• Social Media
As a small business, being on social media is incredibly important. But productive and beneficial social media use requires regular and relevant posts and interactions, which many business owners don’t have time to do themselves. Instead of trying to squeeze in a bit of social media when time allows, turn to a virtual assistant for help. Give your VA access to all your current social media platforms and determine a posting schedule for each platform. Provide your VA with the information of who your ideal customer is and let them know the style of content you’d like to see posted. Use scheduling software such as Hootsuite to set up drip campaigns. Make sure you VA also links back to your blog posts and any guest blogs you have done for additional visibility.
• Search Engine Optimisation
It has been quoted that “the best place to hide a dead body is on page 2 of Google”. This concept is absolutely true. If your business cannot be found by Googling key terms, you might as well not exist. With all the competition for valuable Google real estate, it can be difficult to get your site ranked anywhere near the top. A critical way to make your website searchable and rank higher is with search engine optimisation. Given the complex nature and constantly changing nature of Google’s search algorithm, utilising the knowledge of a virtual assistant with SEO skills is of critical importance.
• Email Campaigns
You know that you should be building an email database and reaching out to them with regular email newsletters, but it is just another task on your ever-growing to-do list. Your VA can take over this task for you. Share the lists you have begun building and have your VA manage them for you. Your virtual assistant can also create newsletters, marketing emails, call to action buttons, and landing pages for other email campaigns. Most importantly, they can track the numbers and report them for all your campaigns.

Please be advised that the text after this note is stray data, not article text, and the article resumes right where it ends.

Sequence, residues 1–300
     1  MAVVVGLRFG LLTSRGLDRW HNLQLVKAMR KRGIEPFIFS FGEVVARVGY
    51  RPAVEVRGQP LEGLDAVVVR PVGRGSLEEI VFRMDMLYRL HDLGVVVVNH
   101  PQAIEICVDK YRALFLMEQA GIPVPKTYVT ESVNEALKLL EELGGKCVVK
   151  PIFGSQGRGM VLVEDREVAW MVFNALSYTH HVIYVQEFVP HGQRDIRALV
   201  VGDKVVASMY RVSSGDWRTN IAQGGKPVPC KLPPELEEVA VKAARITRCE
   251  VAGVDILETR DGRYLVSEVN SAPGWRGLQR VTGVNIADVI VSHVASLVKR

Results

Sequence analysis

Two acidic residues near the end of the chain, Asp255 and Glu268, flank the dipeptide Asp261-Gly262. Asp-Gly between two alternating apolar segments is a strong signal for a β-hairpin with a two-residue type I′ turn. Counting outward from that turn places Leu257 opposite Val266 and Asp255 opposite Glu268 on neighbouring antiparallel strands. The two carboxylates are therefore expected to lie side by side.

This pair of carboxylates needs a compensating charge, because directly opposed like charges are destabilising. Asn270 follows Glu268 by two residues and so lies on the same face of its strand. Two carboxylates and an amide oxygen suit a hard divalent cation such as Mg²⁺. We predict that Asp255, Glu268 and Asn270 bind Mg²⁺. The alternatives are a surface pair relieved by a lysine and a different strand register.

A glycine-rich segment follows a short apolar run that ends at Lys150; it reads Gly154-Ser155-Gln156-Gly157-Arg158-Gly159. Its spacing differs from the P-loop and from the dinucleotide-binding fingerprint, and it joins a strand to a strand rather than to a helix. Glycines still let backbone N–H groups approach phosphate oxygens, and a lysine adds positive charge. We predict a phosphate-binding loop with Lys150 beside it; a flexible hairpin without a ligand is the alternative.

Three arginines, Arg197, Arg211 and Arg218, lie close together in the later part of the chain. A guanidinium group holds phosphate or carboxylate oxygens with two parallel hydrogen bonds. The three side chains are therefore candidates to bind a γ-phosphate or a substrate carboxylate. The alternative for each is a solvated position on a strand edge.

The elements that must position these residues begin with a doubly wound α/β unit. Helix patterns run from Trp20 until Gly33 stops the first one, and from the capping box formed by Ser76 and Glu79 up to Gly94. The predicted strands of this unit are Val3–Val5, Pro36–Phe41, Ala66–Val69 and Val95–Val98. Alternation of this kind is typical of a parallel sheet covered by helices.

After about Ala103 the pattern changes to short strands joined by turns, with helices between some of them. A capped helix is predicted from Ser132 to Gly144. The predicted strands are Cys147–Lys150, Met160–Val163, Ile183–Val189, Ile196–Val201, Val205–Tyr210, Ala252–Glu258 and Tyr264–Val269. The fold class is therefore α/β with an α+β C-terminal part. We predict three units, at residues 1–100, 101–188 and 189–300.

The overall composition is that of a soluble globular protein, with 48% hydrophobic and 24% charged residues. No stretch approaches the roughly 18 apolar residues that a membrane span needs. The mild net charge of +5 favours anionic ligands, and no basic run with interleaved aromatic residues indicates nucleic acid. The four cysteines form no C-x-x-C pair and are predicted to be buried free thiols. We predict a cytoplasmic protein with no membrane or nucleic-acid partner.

Marketing is a fundamental component for companies small and large, old and new. Because it is so important it can often feel stressful to find time to do what needs to be done in what is already a busy workday, but it is also scary to hand over the reins to someone else. However, if you select the right virtual assistant, the process of successfully integrating a VA into your small business operations will be far less painful and difficult than you might think, and additionally, you will reap some serious productivity time management and financial benefits to not only you personally but to your business overall.
As more businesses start to take advantage of such tools as cloud computing, file sharing, and the range of communications platforms available such as Skype, Zoom and Slack, the ability to seamlessly integrate virtual workers with onsite employees has become so much easier and more the norm. Having a virtual team has also led to an increase in outsourcing of many functions, including such areas as marketing and administration to third parties like freelancers and virtual assistants. But although this is being embraced confusion still reigns between the terms outsourcing and offshoring. Although is some areas an overlap does exist, the two really are distinctly different.